In the 1930s, Jan Żabiński was the director of the thriving zoo in Warsaw, Poland; his wife Antonina had a remarkable sympathy for animals, and their villa in the zoo was a nursery and residence for numerous animals as well as their own son. This life came to an abrupt end with the German invasion of Poland on September 1, 1939, which started World War II (1939-1945). Most of the zoo's animals and structures were destroyed in the bombings and siege of the city. The zoo was closed under German occupation, but the Żabińskis continued to occupy the villa, and the zoo itself was used first as a pig farm and subsequently as a fur farm.
Jan and Antonina Żabiński became active with the Polish underground resistance. At the villa and in the zoo's structures, they secretly sheltered Jews, most escaping from the doomed Warsaw ghetto. As many as 300 such "guests" passed through the zoo, and many did survive the war with the assistance of the Żabińskis and other members of the underground. The German occupiers executed those they discovered helping Jews. Nonetheless, Antonina Żabińska maintained a semblance of prewar life at the villa, harboring a menagerie of animals - otters, a badger, hyena pups, lynxes - as well as the secret guests. While Jan Żabiński was wounded in the armed August 1944 Warsaw uprising against the German occupiers, the Żabińskis survived the war. The zoo reopened in 1949, with Jan as its new director.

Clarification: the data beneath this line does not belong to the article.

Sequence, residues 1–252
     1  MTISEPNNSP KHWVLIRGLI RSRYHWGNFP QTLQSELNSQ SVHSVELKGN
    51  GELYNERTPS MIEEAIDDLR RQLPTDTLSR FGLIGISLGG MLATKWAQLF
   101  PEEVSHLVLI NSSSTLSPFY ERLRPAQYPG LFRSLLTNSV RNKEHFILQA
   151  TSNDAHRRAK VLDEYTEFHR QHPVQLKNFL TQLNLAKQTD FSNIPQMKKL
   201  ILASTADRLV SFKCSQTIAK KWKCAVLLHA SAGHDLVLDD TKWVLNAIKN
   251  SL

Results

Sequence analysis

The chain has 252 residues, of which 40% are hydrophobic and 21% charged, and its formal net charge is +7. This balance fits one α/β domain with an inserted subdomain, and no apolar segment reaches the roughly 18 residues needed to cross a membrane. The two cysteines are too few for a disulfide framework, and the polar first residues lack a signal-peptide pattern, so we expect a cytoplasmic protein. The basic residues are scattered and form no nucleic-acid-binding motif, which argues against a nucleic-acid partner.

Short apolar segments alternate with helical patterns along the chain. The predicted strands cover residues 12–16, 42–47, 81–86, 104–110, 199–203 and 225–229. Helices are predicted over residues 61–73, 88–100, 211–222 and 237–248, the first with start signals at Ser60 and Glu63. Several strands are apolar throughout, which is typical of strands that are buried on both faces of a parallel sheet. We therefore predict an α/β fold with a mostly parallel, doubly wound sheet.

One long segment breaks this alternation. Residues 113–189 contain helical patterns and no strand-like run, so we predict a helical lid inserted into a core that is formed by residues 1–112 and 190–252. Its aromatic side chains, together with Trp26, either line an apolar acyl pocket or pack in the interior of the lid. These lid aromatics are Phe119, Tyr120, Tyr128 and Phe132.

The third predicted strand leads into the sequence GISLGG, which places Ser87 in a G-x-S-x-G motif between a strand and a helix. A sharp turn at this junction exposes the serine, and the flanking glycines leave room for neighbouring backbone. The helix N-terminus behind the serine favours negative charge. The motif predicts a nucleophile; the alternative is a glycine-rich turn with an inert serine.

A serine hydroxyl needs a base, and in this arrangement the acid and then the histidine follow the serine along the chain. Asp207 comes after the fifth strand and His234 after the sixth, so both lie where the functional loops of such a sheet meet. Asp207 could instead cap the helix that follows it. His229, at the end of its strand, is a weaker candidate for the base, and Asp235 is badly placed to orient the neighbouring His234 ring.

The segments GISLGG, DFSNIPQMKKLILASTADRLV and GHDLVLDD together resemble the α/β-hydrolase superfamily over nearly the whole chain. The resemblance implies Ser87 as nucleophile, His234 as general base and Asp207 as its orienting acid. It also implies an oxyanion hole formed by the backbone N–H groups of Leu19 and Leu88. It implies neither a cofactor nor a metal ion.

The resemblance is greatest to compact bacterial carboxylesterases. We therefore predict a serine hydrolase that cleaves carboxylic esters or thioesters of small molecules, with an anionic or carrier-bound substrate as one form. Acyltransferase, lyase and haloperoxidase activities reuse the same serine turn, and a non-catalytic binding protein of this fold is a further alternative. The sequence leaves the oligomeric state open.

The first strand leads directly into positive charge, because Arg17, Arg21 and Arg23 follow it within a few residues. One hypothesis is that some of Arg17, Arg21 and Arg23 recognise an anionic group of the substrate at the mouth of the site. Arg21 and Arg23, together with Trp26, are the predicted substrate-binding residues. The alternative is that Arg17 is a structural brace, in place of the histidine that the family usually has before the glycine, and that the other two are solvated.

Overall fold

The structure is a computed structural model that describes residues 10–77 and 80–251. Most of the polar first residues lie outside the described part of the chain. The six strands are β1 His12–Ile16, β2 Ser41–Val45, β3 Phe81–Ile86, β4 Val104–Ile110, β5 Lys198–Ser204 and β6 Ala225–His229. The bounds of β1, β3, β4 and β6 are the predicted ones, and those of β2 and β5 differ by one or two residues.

On September 21, 1965, Yad Vashem (Israel's official memorial to the Jewish victims of the Holocaust) recognized Jan and Antonina Żabiński as Righteous Among the Nations.